Common fragile sites (CFSs) are genomic regions that display gaps and breaks in human metaphase chromosomes under replication stress and are often deleted in cancer cells. We studied an ∼300-bp subregion (Flex1) of human CFS FRA16D in yeast and found that it recapitulates characteristics of CFS fragility in human cells. Flex1 fragility is dependent on the ability of a variable-length AT repeat to form a cruciform structure that stalls replication. Fragility at Flex1 is initiated by structure-specific endonuclease Mus81-Mms4 acting together with the Slx1-4/Rad1-10 complex, whereas Yen1 protects Flex1 against breakage. Sae2 is required for healing of Flex1 after breakage. Our study shows that breakage within a CFS can be initiated by nuclease cleavage at forks stalled at DNA structures. Furthermore, our results suggest that CFSs are not just prone to breakage but also are impaired in their ability to heal, and this deleterious combination accounts for their fragility.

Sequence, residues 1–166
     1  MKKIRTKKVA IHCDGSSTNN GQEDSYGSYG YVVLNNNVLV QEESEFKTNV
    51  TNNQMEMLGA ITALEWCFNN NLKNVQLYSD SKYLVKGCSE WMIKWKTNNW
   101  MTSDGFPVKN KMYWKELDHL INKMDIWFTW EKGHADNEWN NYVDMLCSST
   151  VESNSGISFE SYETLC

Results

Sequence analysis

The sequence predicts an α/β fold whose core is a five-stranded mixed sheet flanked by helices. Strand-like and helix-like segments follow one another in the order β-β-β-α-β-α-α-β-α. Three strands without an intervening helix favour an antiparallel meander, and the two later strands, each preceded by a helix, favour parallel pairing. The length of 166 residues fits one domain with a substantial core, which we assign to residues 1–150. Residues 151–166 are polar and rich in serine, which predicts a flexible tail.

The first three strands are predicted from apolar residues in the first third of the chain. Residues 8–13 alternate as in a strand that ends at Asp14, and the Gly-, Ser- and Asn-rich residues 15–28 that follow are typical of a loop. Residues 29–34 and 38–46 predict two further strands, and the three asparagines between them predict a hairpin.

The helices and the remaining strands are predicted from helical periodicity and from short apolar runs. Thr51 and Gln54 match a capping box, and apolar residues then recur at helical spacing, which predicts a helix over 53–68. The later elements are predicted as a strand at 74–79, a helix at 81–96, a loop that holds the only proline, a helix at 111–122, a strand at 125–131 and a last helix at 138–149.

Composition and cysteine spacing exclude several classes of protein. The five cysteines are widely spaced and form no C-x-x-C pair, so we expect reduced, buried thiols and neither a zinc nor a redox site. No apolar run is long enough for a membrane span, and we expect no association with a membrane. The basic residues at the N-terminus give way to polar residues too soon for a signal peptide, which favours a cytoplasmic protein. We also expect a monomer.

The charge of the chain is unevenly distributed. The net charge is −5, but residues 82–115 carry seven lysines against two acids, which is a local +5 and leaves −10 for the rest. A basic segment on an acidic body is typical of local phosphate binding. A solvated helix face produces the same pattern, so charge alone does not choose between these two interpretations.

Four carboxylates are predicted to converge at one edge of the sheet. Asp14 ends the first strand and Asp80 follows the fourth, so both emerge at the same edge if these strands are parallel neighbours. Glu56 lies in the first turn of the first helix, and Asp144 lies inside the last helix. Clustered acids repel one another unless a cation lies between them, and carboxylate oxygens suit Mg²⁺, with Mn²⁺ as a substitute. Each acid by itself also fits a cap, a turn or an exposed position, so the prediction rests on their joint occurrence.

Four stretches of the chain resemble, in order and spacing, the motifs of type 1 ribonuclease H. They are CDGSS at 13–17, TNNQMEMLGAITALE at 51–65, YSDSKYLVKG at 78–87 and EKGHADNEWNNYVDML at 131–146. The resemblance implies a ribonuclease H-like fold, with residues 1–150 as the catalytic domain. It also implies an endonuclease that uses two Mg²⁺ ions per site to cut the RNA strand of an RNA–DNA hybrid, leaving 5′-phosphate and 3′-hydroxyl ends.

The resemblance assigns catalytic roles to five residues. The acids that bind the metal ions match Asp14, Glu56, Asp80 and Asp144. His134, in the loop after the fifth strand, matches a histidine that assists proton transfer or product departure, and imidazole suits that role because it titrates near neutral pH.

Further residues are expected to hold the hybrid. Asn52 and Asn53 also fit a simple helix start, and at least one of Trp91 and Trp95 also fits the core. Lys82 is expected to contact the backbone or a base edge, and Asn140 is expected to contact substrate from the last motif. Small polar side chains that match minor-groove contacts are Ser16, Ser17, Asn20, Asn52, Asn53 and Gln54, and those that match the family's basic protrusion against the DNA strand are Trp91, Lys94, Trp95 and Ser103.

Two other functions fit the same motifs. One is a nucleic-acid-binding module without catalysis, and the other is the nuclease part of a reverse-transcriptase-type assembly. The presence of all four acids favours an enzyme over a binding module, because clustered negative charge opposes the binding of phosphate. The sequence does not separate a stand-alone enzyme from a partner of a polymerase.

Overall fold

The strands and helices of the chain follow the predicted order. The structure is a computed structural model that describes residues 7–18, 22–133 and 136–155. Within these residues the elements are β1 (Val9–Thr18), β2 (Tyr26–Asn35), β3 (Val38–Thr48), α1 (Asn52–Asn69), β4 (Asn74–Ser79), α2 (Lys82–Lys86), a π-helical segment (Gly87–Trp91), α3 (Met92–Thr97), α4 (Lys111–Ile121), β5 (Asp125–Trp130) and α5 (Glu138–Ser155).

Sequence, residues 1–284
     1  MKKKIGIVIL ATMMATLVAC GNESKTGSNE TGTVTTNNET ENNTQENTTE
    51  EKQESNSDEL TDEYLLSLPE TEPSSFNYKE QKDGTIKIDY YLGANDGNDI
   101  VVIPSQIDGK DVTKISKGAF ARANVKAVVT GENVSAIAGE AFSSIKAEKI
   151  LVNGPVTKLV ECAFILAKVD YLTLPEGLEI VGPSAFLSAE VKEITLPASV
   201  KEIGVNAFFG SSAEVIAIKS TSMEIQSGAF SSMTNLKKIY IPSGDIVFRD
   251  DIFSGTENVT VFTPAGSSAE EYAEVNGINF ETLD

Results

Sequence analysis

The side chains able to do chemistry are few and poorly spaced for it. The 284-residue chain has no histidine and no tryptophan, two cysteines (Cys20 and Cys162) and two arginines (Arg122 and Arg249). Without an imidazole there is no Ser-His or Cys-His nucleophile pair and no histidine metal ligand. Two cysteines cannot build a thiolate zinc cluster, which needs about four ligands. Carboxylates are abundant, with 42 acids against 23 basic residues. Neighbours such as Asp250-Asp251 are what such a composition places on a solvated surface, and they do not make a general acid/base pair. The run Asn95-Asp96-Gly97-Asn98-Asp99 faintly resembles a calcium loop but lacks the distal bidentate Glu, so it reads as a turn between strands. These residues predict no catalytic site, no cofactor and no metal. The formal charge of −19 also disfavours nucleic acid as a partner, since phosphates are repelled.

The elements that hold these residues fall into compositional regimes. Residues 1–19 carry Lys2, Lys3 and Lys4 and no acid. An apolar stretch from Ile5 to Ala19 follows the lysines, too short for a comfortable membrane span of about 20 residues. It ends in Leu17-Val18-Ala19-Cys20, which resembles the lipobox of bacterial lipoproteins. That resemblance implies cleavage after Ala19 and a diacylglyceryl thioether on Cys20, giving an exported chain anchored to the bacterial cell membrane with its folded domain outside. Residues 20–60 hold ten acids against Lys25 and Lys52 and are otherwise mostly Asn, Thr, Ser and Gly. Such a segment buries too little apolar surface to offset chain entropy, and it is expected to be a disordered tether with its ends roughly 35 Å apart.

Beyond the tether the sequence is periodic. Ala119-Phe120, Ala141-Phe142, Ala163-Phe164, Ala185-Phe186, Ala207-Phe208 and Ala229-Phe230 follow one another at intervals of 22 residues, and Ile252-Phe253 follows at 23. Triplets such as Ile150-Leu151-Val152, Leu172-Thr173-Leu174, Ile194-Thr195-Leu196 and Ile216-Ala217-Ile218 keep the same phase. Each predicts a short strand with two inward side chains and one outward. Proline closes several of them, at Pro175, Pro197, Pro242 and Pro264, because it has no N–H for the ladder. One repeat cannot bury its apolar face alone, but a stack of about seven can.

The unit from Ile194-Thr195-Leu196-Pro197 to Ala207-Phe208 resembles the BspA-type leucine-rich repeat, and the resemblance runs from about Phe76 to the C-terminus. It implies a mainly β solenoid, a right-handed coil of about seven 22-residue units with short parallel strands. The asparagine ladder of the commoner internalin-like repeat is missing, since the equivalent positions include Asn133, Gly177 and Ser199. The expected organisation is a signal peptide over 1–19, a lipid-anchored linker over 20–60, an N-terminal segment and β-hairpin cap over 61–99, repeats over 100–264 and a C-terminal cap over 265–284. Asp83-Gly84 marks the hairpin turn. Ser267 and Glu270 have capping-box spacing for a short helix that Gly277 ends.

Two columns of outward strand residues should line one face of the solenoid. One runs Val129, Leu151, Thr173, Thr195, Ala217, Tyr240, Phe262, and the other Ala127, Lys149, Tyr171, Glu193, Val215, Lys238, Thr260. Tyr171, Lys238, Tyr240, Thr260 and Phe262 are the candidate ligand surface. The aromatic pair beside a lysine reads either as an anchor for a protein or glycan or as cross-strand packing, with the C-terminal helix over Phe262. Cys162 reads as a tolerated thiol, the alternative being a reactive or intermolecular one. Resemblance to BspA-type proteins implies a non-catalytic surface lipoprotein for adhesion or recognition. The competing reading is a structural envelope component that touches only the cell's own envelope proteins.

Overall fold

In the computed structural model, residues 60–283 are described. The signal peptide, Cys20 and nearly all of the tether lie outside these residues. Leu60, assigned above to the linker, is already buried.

All Science Journal Classification (ASJC) codes
- Biochemistry, Genetics and Molecular Biology(all)